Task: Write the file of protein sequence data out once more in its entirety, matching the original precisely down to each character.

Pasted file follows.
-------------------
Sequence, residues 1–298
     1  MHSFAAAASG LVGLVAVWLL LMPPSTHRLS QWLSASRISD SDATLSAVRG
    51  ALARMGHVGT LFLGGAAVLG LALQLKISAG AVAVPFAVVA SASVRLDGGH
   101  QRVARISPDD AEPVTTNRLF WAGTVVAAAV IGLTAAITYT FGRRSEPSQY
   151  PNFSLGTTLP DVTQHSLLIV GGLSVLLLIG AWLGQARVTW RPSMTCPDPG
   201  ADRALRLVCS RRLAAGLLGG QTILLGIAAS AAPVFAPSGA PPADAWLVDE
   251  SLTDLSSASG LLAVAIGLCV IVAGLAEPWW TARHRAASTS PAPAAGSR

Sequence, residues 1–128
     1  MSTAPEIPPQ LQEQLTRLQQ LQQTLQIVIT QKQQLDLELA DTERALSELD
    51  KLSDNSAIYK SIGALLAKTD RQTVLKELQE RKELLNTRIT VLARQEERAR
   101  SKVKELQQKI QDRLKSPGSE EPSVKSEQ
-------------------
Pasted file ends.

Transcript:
Sequence, residues 1–298
     1  MHSFAAAASG LVGLVAVWLL LMPPSTHRLS QWLSASRISD SDATLSAVRG
    51  ALARMGHVGT LFLGGAAVLG LALQLKISAG AVAVPFAVVA SASVRLDGGH
   101  QRVARISPDD AEPVTTNRLF WAGTVVAAAV IGLTAAITYT FGRRSEPSQY
   151  PNFSLGTTLP DVTQHSLLIV GGLSVLLLIG AWLGQARVTW RPSMTCPDPG
   201  ADRALRLVCS RRLAAGLLGG QTILLGIAAS AAPVFAPSGA PPADAWLVDE
   251  SLTDLSSASG LLAVAIGLCV IVAGLAEPWW TARHRAASTS PAPAAGSR

Sequence, residues 1–128
     1  MSTAPEIPPQ LQEQLTRLQQ LQQTLQIVIT QKQQLDLELA DTERALSELD
    51  KLSDNSAIYK SIGALLAKTD RQTVLKELQE RKELLNTRIT VLARQEERAR
   101  SKVKELQQKI QDRLKSPGSE EPSVKSEQ